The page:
important federal question in a way that conflicts with relevant decisions of [the
Supreme Court].” Id. “A petition for a writ of certiorari is rarely granted when the
asserted error consists of erroneous factual findings or the misapplication of a
properly stated rule of law.” Id.
The Objectors have not identified any important federal questions, and they
have not demonstrated that the Fifth Circuit has issued a holding that conflicts
with existing law. They merely raise procedural questions concerning waiver of
objections and the burden of proof. It is unlikely that the Supreme Court would
grant certiorari as to issues of this nature. Therefore, the Objectors have not raised
a substantial question justifying a stay.
The Objectors have also failed to demonstrate good cause for the stay. It is
undisputed that the pension plan that is the subject of these lawsuits is being
diminished as time progresses; thus, all retirees, including the Objectors, are best
served by expediting the proceedings in this matter.
II. 28 U.S.C. § 2101(f)
28 U.S.C. § 2101(f) provides:
In any case in which the final judgment or decree of any court is
subject to review by the Supreme Court on writ of certiorari, the
execution and enforcement of such judgment or decree may be stayed
for a reasonable time to enable the party aggrieved to obtain a writ of
certiorari from the Supreme Court. The stay may be granted by a
judge of the court rendering the judgment or decree or by a justice of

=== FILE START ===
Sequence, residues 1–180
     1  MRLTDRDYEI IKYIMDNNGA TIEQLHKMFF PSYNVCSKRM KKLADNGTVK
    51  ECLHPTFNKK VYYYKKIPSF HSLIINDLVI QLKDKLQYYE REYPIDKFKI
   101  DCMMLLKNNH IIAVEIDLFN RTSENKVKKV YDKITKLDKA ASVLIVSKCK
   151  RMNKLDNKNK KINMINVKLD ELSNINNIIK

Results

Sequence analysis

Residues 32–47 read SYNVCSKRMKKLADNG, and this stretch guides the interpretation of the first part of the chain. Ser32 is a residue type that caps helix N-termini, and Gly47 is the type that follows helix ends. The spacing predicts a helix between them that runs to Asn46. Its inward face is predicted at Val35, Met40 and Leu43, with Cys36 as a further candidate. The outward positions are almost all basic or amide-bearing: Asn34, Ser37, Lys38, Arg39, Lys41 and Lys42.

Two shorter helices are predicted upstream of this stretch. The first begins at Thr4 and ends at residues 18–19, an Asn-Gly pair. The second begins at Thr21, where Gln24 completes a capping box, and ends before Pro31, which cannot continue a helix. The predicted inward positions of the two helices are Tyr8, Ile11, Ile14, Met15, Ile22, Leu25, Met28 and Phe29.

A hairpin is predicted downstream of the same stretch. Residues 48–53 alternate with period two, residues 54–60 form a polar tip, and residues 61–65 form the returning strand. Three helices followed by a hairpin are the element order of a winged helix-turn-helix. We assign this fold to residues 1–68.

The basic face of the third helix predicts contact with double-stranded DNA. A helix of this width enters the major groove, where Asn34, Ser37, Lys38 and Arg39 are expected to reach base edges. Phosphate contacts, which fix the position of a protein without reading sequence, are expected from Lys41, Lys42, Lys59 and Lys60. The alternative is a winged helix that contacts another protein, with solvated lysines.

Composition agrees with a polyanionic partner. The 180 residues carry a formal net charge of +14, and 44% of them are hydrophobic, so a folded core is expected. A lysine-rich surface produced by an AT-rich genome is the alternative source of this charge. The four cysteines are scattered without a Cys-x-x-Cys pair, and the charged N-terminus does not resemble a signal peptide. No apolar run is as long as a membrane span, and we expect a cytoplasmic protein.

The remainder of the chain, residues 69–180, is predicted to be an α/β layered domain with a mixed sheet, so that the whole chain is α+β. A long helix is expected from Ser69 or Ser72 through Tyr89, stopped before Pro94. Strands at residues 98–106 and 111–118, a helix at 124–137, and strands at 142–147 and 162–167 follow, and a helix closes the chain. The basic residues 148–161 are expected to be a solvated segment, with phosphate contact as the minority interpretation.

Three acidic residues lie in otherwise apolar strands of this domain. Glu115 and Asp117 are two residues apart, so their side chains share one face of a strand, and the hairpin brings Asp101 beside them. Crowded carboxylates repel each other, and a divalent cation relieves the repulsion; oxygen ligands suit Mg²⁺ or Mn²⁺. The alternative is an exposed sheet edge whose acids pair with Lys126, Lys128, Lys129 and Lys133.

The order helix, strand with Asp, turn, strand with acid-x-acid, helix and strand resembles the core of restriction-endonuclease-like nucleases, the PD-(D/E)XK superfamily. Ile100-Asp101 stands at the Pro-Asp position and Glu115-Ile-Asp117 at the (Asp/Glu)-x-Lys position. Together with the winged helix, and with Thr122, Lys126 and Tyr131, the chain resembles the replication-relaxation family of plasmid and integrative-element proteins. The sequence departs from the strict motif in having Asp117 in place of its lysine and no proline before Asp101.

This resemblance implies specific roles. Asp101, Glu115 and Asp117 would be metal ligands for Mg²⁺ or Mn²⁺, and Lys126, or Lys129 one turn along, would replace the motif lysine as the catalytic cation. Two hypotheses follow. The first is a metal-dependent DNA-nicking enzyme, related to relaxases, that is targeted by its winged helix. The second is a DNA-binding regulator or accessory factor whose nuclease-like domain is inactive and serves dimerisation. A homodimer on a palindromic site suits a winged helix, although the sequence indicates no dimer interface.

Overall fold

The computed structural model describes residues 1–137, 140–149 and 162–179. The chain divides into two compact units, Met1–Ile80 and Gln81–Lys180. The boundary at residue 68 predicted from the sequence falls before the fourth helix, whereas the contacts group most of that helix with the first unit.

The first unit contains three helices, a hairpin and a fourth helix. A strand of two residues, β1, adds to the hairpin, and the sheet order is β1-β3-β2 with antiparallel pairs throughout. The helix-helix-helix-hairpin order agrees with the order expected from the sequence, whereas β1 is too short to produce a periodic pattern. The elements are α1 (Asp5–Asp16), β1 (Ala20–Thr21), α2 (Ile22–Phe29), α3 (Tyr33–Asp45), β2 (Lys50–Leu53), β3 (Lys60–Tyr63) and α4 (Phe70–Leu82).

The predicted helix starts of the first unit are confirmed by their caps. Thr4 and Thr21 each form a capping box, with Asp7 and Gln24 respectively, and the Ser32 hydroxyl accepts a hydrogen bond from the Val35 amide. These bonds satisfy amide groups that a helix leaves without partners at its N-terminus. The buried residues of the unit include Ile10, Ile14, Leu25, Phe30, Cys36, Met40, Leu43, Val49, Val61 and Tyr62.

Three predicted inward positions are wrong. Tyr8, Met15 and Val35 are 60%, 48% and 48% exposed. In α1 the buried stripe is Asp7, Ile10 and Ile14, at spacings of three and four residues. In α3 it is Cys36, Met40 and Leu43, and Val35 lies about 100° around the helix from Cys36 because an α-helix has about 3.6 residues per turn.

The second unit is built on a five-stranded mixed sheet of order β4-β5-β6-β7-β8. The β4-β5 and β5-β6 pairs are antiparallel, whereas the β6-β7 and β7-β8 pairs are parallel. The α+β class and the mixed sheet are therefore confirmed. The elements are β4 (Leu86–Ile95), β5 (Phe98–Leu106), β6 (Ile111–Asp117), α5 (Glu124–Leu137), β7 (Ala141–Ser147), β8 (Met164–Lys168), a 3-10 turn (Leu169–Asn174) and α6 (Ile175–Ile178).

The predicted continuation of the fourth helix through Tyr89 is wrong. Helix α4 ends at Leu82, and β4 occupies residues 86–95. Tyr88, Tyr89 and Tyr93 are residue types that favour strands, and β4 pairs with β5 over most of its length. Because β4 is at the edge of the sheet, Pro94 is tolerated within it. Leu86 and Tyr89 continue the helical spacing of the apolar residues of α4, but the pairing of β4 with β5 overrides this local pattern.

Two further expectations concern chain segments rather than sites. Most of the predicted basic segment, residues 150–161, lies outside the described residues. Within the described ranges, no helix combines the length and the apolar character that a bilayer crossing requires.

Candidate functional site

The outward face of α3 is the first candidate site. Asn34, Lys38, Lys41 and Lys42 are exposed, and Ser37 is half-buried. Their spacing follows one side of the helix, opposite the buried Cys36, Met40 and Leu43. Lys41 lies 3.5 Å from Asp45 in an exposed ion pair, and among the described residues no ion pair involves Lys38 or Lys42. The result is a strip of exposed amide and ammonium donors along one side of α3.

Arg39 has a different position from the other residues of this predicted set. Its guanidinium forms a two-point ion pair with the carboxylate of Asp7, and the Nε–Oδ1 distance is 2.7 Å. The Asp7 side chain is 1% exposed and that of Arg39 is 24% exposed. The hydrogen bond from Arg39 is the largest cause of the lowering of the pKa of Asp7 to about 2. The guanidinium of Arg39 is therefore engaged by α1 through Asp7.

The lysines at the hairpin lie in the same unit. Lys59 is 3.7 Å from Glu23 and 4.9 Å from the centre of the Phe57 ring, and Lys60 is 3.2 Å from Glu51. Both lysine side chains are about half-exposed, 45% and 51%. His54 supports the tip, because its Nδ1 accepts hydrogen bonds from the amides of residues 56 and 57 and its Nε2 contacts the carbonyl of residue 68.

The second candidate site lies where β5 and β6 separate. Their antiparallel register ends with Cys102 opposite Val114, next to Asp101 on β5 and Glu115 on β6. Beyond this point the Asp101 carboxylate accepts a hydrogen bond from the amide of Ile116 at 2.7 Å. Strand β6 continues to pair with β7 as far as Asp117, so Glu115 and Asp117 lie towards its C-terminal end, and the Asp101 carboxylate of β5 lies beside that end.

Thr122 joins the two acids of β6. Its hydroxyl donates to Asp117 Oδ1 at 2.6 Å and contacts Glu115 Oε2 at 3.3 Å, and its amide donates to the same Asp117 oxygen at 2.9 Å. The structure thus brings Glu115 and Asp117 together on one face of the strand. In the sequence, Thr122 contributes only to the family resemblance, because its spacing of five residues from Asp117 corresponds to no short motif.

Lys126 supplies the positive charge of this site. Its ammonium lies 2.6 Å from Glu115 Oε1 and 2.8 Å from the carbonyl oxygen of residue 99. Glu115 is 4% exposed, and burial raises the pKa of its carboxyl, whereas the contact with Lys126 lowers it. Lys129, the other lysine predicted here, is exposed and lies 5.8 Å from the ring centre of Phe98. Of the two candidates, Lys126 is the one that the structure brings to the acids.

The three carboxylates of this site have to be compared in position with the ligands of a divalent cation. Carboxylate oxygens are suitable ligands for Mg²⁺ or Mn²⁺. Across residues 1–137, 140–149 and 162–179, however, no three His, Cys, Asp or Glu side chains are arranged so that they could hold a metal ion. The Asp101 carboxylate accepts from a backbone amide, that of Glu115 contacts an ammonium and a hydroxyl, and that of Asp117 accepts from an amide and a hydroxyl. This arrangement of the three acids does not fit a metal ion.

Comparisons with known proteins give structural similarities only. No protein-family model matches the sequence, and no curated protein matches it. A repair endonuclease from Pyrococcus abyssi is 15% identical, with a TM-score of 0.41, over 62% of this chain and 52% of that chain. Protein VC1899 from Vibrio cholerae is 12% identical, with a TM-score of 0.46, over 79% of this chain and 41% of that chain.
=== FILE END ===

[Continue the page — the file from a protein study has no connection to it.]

the Supreme Court . . . .
The following three conditions must be satisfied prior to issuance of a stay pursuant
to this statute: “There must be a reasonable probability that certiorari will be
granted (or probable jurisdiction noted), a significant possibility that the judgment
below will be reversed, and a likelihood of irreparable harm (assuming the
correctness of the applicant’s position) if the judgment is not stayed.” Barnes v. ESys., Inc. Grp. Hosp. Med. & Surgical Ins. Plan, 501 U.S. 1301, 1302 (1991). The
Objectors have not satisfied any of these conditions in either their Motion to Stay or
the arguments included in their Petition for Rehearing En Banc.
Moreover, “Congress has only authorized the court of appeals or a Justice of
the Supreme Court to stay the execution or enforcement of the court of appeals’
judgment pending a petition for certiorari.” In re Time Warner Cable, Inc., 470 F.
App’x at 390. A district court’s decision to grant a stay after a court of appeals has
issued a mandate could be viewed as an improper deviation from the mandate. See
id. Therefore, the Objectors’ Motion to Stay must be denied.
The Objectors have not identified any authority that would enable this Court
to issue a stay of proceedings without deviating from the Fifth Circuit’s mandate.
Furthermore, the Objectors have not demonstrated that their expected petition of
certiorari would likely be granted or that good cause otherwise exists for granting a
stay of the proceedings pending filing of the Objector’s petition with the Supreme
Court. Finally, further delay in this matter would likely harm the retirees who
participate in the pension plan that is the subject of these consolidated class action
lawsuits. Of course, this Court’s decision to deny the Objectors’ Motion to Stay does
not prevent the Objectors from filing a petition for certiorari and/or a motion for a
stay with the United States Supreme Court.
IT IS, THEREFORE, ORDERED AND ADJUDGED that the Motion to
Stay Proceedings  filed by the Objectors is DENIED.
SO ORDERED AND ADJUDGED this the 15th day of September, 2017.
Louis Guirola, Jr.
Louis Guirola, Jr.
Chief United States District Judge